From WebMD: For More Info, Go Here…
A quivery heartbeat or flutter in your chest: two telltale signs you could be in atrial fibrillation, or AFib. That means your heart is beating out of sync. As weird or scary as an episode may feel, AFib by itself usually isn’t deadly.
Some episodes of AFib can come and go on their own. Others may need treatment to get your heart back to a normal rate and rhythm. Sometimes, you may be able to take steps to help ease symptoms or stop an episode when it starts.
Talk to your doctor about what’s safe and makes sense for you.
Deep, Mindful Breathing
This can help you relax and calm your nerves when your heart is racing.
- Sit quietly and close your eyes.
- Put one hand on your belly.
- Breathe in slowly through your nose, feeling your stomach stretch out.
- Breathe out slowly through your mouth. Repeat.
When your heart is beating fast, you feel dizzy, or you have other symptoms, this simple trick may help:
By David Blumenthal, M.D.: For More Info, Go Here…
A recent agreement between Google and Ascension, a huge national health system, is yet another sign of how the digital revolution is transforming health care. We are at the dawn of a new era where clinicians will be able to apply in real time the collective human experience in treating any particular problem to the care of every patient with that condition.
But the critical reactions to the agreement — under which Ascension will send to the Google cloud the clinical data it collects on its 50 million patients, and Google will process that data to help Ascension better manage its patients and its finances — make it clear that changes of this magnitude are never smooth. The announcement generated concerns about patient privacy and the misuse of information for the private gain of third parties. It triggered an investigation by the U.S. Department of Health and Human Services and calls from members of Congress for further inquiries. We are obviously at the beginning of what will likely be a long, contentious, and vital debate over how to manage personal health information in the digital age.
Patients have an undeniable right to privacy and control over their personal health data. Doctors and hospitals need leeway to use patient information in their care. Patients, health professionals, and the larger society have an interest in learning from our collective experience with care to better prevent and treat disease. And tech entrepreneurs want a return on their capital when they add value to the management of health-care data. The coming debate will be about how to manage these sometimes conflicting interests as health information technology revolutionizes our health care system.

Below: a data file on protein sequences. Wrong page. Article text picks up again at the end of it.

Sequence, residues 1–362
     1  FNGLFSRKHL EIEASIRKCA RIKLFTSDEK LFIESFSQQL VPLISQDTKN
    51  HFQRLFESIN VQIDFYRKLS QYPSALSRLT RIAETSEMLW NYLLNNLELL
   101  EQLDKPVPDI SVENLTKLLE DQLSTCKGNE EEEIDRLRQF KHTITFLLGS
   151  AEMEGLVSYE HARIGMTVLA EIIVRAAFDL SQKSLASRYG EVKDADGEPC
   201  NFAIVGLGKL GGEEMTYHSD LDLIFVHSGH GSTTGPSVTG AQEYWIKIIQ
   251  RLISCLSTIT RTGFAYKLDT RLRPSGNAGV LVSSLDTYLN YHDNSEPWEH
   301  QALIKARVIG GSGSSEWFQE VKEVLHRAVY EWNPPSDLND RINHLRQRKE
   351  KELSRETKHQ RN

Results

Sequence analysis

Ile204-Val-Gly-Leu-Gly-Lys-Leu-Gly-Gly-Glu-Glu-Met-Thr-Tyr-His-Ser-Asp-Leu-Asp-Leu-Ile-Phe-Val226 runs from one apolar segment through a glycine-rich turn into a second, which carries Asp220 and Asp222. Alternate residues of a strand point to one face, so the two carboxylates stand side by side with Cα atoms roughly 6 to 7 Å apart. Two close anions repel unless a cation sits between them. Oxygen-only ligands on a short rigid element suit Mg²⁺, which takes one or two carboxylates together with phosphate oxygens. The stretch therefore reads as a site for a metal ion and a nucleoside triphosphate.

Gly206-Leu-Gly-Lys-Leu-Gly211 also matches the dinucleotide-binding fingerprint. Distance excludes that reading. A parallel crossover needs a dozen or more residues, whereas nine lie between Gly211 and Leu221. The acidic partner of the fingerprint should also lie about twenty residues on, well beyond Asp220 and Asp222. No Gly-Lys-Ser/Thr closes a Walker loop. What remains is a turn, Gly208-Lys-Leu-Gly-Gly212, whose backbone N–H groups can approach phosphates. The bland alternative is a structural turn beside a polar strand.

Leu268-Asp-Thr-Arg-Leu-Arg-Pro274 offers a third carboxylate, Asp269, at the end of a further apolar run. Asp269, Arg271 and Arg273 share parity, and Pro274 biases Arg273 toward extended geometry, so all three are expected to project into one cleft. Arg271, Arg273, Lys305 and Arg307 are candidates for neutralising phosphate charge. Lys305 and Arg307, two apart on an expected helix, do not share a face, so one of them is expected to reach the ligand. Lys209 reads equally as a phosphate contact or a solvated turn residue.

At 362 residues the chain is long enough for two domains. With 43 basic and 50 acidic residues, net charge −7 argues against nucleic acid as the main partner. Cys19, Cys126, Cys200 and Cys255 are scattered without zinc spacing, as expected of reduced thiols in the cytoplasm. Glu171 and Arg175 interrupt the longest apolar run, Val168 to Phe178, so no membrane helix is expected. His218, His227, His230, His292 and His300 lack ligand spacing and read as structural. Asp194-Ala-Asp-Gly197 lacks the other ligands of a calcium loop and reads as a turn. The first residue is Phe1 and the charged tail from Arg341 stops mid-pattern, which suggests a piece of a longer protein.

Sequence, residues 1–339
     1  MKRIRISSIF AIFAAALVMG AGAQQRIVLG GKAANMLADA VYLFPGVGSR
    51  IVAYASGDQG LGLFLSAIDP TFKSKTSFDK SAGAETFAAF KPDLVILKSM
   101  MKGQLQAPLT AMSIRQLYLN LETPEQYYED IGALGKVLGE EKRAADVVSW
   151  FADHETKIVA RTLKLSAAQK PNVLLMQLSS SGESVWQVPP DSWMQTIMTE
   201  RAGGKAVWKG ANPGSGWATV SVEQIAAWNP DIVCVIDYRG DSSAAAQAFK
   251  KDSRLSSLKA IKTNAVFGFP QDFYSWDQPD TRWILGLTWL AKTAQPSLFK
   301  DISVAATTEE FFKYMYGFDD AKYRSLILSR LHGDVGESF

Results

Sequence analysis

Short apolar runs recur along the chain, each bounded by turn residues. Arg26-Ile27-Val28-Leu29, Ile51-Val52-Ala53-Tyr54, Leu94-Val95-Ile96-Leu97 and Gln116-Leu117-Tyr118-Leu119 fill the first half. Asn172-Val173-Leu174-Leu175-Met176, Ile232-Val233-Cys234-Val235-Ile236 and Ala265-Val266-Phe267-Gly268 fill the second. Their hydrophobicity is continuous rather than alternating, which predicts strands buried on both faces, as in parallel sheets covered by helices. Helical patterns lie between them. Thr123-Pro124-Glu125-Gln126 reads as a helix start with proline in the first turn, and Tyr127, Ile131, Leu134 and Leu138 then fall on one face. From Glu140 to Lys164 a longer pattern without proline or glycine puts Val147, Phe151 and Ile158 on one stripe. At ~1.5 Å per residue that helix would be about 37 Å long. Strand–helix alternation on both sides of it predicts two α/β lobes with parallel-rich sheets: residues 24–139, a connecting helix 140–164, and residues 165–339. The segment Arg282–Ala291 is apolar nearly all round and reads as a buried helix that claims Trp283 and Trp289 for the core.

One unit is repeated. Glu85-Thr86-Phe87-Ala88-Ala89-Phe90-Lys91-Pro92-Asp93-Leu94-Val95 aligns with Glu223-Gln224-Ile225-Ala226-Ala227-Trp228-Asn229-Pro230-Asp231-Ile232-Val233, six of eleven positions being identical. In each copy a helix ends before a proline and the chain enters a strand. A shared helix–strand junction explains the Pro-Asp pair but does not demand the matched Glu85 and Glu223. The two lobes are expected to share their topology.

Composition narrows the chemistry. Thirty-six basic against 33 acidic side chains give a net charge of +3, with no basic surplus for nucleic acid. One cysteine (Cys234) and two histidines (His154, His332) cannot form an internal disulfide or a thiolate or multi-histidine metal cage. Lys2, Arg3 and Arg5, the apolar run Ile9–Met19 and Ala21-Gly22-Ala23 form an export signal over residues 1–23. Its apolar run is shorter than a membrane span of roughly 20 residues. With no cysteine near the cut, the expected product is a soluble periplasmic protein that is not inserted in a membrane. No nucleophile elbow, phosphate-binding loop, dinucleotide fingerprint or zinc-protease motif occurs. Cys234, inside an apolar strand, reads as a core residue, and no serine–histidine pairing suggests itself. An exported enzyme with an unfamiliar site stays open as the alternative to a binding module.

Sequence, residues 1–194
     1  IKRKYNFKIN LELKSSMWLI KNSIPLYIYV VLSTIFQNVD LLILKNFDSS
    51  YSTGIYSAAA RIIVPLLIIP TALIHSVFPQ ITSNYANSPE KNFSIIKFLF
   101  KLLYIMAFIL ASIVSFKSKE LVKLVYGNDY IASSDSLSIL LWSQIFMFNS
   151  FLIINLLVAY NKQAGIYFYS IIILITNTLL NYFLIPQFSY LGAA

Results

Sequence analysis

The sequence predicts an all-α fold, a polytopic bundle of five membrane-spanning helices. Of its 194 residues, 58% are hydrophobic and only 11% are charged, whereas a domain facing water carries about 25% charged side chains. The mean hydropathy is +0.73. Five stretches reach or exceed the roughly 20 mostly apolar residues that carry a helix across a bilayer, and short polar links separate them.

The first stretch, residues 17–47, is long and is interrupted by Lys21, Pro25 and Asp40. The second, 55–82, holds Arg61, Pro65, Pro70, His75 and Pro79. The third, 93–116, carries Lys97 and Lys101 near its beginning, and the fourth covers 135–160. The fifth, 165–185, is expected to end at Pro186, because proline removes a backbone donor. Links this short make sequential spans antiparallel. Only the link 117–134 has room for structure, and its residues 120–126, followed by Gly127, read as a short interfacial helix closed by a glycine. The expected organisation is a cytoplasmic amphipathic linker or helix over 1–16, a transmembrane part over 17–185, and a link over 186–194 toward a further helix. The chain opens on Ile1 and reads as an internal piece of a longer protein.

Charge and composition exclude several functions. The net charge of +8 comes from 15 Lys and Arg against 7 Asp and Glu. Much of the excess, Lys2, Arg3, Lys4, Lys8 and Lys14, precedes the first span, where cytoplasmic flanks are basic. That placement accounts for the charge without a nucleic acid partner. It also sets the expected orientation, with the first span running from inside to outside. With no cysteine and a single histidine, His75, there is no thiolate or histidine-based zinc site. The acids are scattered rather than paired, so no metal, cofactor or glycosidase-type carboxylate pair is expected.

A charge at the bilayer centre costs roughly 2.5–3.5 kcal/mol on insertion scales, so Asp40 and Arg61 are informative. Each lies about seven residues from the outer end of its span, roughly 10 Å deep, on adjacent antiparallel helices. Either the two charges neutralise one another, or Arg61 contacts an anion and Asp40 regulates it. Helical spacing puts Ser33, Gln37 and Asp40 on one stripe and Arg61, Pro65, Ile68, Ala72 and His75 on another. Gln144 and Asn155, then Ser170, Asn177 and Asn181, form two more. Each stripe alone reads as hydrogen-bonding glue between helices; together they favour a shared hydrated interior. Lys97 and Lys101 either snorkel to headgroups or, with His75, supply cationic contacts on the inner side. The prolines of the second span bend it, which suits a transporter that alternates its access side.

BY RYAN D’AGOSTINO: For More Info, Go Here…
By the time they reach high school, nearly 20 percent of all American boys will be diagnosed with ADHD. Millions of those boys will be prescribed a powerful stimulant to “normalize” them. A great many of those boys will suffer serious side effects from those drugs. The shocking truth is that many of those diagnoses are wrong, and that most of those boys are being drugged for no good reason—simply for being boys. It’s time we recognize this as a crisis.
f you have a son, you have a one-in-seven chance that he has been diagnosed with ADHD. If you have a son who has been diagnosed, it’s more than likely that he has been prescribed a stimulant—the most famous brand names are Ritalin and Adderall; newer ones include Vyvanse and Concerta—to deal with the symptoms of that psychiatric condition.
The Drug Enforcement Administration classifies stimulants as Schedule II drugs, defined as having a “high potential for abuse” and “with use potentially leading to severe psychological or physical dependence.” (According to a University of Michigan study, Adderall is the most abused brand-name drug among high school seniors.) In addition to stimulants like Ritalin, Adderall, Vyvanse, and Concerta, Schedule II drugs include cocaine, methamphetamine, Demerol, and OxyContin.
According to manufacturers of ADHD stimulants, they are associated with sudden death in children who have heart problems, whether those heart problems have been previously detected or not. They can bring on a bipolar condition in a child who didn’t exhibit any symptoms of such a disorder before taking stimulants. They are associated with “new or worse aggressive behavior or hostility.” They can cause “new psychotic symptoms (such as hearing voices and believing things that are not true) or new manic symptoms.” They commonly cause noticeable weight loss and trouble sleeping. In some children, some stimulants can cause the paranoid feeling that bugs are crawling on them. Facial tics. They can cause children’s eyes to glaze over, their spirits to dampen. One study reported fears of being harmed by other children and thoughts of suicide.
By Joshua J. Fenton, Alicia L. Agnoli, et al.: For More Info, Go Here…
Study Synopsis and Perspective: